[9] Bmw Birmingham Al Becomes Monthly Talks

A 20-year-old Irondale man stole the identities of dozens of people at a Birmingham doctor's office, using their credit to buy 14 automobiles worth an estimated half million dollars, police say.

Charles Cheeks is charged with 34 counts of identity theft. Authorities having been searching for Cheeks for days, and he was captured about 8 p.m. Saturday by the Georgia State Patrol after a high-speed chase in Thomas County, said Hoover police Capt. Gregg Rector.

Hoover police launched the investigation in December when a resident called them saying his personal information had been used at a car dealership in Dallas, Texas. The suspect was trying to make an online purchase of a 2014 BMW valued at $76,000. The sale didn't go through, Rector said, but it alerted detectives to an address in Irondale and a possible suspect, later identified as Cheeks.

Detectives then began to uncover more fraudulent activity associated with Cheeks and specific addresses linked to him. It was also determined that of the 41 confirmed victims, 39 of them were former patients of a physician who once worked at Trinity Medical Center in Birmingham.

Those patient records, which were being stored on the Trinity campus, were compromised or stolen, Rector said. Cheeks appeared to have familiarity and possibly access to the Trinity campus through a family member who was employed there as a contract worker.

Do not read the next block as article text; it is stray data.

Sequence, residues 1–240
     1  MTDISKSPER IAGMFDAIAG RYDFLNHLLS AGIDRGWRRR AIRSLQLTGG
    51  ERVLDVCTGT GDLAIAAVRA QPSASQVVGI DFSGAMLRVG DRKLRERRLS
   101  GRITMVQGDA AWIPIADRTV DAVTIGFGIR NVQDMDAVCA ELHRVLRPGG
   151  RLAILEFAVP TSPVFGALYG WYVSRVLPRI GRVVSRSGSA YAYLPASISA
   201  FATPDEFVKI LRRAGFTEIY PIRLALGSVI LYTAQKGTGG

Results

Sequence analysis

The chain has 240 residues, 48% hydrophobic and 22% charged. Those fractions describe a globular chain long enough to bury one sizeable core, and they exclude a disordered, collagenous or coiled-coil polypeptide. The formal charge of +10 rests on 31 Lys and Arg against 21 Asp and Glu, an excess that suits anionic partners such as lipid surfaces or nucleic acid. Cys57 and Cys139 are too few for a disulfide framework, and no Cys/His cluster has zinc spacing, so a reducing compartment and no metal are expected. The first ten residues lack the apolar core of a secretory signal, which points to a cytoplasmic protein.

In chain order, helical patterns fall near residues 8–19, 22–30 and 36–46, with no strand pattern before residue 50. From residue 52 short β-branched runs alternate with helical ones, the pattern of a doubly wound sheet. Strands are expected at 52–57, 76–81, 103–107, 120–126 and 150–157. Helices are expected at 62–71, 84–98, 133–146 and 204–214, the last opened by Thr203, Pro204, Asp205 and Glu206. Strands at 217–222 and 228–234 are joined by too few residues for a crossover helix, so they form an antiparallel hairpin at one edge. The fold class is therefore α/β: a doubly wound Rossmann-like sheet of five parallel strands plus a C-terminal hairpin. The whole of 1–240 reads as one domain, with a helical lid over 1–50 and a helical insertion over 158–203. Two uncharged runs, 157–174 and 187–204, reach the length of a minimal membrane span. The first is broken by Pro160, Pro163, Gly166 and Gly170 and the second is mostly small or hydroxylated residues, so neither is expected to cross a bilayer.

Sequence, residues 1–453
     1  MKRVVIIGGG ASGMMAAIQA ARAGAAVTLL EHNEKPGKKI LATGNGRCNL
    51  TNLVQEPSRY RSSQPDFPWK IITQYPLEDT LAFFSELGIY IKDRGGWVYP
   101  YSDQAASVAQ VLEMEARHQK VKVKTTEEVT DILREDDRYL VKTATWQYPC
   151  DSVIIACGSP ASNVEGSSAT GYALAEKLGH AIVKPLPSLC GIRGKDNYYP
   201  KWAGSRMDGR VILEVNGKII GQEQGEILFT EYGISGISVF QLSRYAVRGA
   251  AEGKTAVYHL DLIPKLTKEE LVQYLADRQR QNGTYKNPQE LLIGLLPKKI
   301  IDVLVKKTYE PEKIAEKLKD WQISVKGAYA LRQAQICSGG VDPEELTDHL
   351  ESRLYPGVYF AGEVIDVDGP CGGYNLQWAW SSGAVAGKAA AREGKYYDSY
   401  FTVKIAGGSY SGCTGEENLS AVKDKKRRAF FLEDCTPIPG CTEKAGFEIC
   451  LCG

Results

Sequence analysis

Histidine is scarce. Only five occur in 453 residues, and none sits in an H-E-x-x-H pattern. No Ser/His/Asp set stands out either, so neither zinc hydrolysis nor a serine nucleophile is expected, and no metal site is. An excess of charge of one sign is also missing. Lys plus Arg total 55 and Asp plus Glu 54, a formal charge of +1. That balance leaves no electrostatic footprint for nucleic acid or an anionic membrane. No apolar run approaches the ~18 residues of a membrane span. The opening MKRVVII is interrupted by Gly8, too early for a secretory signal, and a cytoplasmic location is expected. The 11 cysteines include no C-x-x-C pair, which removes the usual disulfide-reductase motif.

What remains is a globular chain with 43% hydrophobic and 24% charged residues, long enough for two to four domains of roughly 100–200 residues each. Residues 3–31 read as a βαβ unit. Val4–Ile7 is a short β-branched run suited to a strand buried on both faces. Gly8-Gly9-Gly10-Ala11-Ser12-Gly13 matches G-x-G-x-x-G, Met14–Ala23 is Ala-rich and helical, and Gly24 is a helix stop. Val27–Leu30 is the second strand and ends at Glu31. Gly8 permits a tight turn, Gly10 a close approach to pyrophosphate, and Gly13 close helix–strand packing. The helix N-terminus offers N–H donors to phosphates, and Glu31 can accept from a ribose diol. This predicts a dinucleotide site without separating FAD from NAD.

On May 29, Hoover Police Department's Financial Crimes detectives met with the Jefferson County District Attorney's White Collar Crimes Unit, and the 34 identity theft warrants were issued.

Rector said Cheeks' online scam began about

14 months ago and included more than 500 attempts to make fraudulent purchases with the stolen information. He succeeded in buying 14 automobiles valued at $561,000. Each of the 14 cars was delivered to addresses associated with Cheeks, either in Irondale or Trussville.
The list of cars is impressive: 2013 Dodge Charger, $31,848.92; 2014 Infiniti Q50, $51,964.26; 2014 Lexus IS 350F, $48,135; 2013 Chrysler 300, $37,241.79; 2012 Audi A7, $48,495; 2012 Dodge Challenger, $47,656.56; 2010 Mercedes E-Class, $32,313.60; 2014 Ford Mustang, $35,250.95; 2014 Dodge Ram 1500, $34,505.30; 2013 BMW 328i, $39,308; 2014 Nissan Maxima, $35,680.36; 2014 Chevrolet Impala, $37,437.31; 2013 Dodge Charger, $44,233.05; and 2015 Dodge Charger, $37,207.75.

Those vehicles were delivered from dealerships in Indiana, Florida, Oklahoma, Texas, Ohio, Georgia and North Carolina. Four of the vehicles - the Chrysler 300, the Audi A7, and two of the Dodge Chargers - have been recovered so far, all in the Birmingham area.

Rector said Cheeks would typically email a dealership and claim to be deaf, which allowed him to communicate by methods other than telephone. He often faxed loan applications and even texted back and forth with employees during the transactions. "He even haggled with some of the salespersons in order to get the best possible price on the purchases,'' he said. "He also obtained automobile insurance policies using the same bogus names, and faxed that information to the dealerships, to prove that he was insured. "